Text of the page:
package (an interface to the urlscan.io API) is now at version 0.2.0 and supports urlscan.io’s authentication requirement when submitting a link for analysis. The service is handy if you want to learn about the details — all the gory technical details — for a website.
For instance, say you wanted to check on
r-project.org. You could manually go to the site, enter that into the request bar and wait for the result:
Or, you can use R!. First pick your preferred social coding site, read through the source (this is going to be new advice for every post starting with this one. Don’t blindly trust code from any social coding site) an then install the
devtools::install_git("https://git.sr.ht/~hrbrmstr/urlscan") # or devtools::install_gitlab("hrbrmstr/urlscan") # or devtools::install_github("hrbrmstr/urlscan")
Next, head on over back to urlscan.io and grab an API key (it’s free). Stick that in your
URLSCAN_API_KEY and then
readRenviron("~/.Renviron") in your R console.
Now, let’s check out
library(urlscan) library(tidyverse) rproj <- urlscan_search("r-project.org") rproj ## URL Submitted: https://r-project.org/ ## Submission ID: eb2a5da1-dc0d-43e9-8236-dbc340b53772 ## Submission Type: public ## Submission Note: Submission successful
There is more data in that
rproj object but we have enough to get more detailed results back. Note that site will return an error when you use
urlscan_result() if it hasn’t finished the analysis yet.
rproj_res <- urlscan_result("eb2a5da1-dc0d-43e9-8236-dbc340b53772", include_shot = TRUE) rproj_res ## URL: https://www.r-project.org/ ## Scan ID: eb2a5da1-dc0d-43e9-8236-dbc340b53772 ## Malicious: FALSE ## Ad Blocked: FALSE ## Total Links: 8 ## Secure Requests: 19 ## Secure Req %: 100%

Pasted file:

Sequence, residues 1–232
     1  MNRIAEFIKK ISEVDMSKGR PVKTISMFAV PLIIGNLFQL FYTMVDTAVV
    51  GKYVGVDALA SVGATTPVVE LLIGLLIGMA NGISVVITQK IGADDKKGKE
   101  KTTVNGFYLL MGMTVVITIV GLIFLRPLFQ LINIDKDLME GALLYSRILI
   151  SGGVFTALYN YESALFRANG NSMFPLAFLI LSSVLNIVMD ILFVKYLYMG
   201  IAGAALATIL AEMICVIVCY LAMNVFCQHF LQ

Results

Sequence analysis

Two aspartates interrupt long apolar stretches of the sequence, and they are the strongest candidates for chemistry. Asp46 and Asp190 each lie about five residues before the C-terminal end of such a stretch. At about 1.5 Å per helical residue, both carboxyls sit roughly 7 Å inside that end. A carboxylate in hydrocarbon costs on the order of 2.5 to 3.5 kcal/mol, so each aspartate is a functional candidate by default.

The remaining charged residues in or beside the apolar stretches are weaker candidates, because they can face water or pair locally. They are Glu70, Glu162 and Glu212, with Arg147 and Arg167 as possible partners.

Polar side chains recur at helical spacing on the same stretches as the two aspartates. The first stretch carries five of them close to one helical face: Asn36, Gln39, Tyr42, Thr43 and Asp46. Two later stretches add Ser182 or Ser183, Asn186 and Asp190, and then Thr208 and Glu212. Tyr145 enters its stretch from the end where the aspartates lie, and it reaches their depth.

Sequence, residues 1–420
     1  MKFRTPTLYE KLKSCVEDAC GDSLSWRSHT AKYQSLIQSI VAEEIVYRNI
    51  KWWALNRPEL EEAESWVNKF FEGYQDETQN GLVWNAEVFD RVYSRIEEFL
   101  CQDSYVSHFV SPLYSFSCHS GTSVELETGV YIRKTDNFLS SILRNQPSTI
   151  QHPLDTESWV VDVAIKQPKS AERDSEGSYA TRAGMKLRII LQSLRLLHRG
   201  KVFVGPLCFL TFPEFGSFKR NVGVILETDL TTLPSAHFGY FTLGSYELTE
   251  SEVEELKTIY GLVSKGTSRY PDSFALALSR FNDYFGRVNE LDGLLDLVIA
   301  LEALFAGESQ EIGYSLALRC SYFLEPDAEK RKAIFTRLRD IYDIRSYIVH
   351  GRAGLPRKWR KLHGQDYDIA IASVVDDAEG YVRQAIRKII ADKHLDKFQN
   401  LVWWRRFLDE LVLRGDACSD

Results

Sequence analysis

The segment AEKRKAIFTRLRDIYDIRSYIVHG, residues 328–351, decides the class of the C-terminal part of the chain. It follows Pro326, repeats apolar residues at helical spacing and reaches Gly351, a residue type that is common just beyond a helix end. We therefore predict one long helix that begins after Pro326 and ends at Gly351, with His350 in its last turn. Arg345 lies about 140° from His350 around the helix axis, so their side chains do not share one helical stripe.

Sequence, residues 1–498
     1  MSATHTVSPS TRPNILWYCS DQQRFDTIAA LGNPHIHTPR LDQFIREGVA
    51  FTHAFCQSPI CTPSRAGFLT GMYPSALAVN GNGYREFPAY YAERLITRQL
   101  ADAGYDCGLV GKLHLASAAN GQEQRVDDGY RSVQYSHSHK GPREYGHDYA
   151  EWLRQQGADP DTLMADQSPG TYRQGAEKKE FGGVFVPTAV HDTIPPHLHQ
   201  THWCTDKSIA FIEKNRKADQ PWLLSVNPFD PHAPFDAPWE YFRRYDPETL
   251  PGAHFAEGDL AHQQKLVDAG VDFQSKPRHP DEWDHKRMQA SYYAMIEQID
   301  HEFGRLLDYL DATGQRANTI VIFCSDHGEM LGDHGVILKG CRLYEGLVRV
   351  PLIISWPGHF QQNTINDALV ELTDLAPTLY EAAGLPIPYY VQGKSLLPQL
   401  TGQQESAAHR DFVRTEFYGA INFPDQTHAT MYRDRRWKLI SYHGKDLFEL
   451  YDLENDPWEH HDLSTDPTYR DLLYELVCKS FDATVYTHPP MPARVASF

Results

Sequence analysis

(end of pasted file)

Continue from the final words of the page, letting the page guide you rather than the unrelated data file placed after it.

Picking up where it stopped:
rproj_res holds quite a bit of data and makes no assumptions about how you want to use it so you will need to do some wrangling with it to find out. The
rproj_res$scan_result entry contains entries with the following information:
task: Information about the submission: Time, method, options, links to screenshot/DOM
page: High-level information about the page: Geolocation, IP, PTR
lists: Lists of domains, IPs, URLs, ASNs, servers, hashes
data: All of the requests/responses, links, cookies, messages
meta: Processor output: ASN, GeoIP, AdBlock, Google Safe Browsing
stats: Computed stats (by type, protocol, IP, etc.)
Let’s see how many domains the R Core folks are allowing to track you:
curlparse::domain(rproj_res$scan_result$lists$urls) %>% # you can use urltools::domain() instead of curlparse table(dnn = "domain") %>% broom::tidy() %>% arrange(desc(n)) ## # A tibble: 7 x 2 ## domain n ## ## 1 platform.twitter.com 7 ## 2 www.r-project.org 5 ## 3 pbs.twimg.com 3 ## 4 syndication.twitter.com 2 ## 5 ajax.googleapis.com 1 ## 6 cdn.syndication.twimg.com 1 ## 7 r-project.org 1
Since I added the
include_shot = TRUE option, we also get a page screenshot back (as a
There’s tons of metadata to explore about web sites by using this package so jump in, kick the tyres, have fun! and file issues/PRs as needed.
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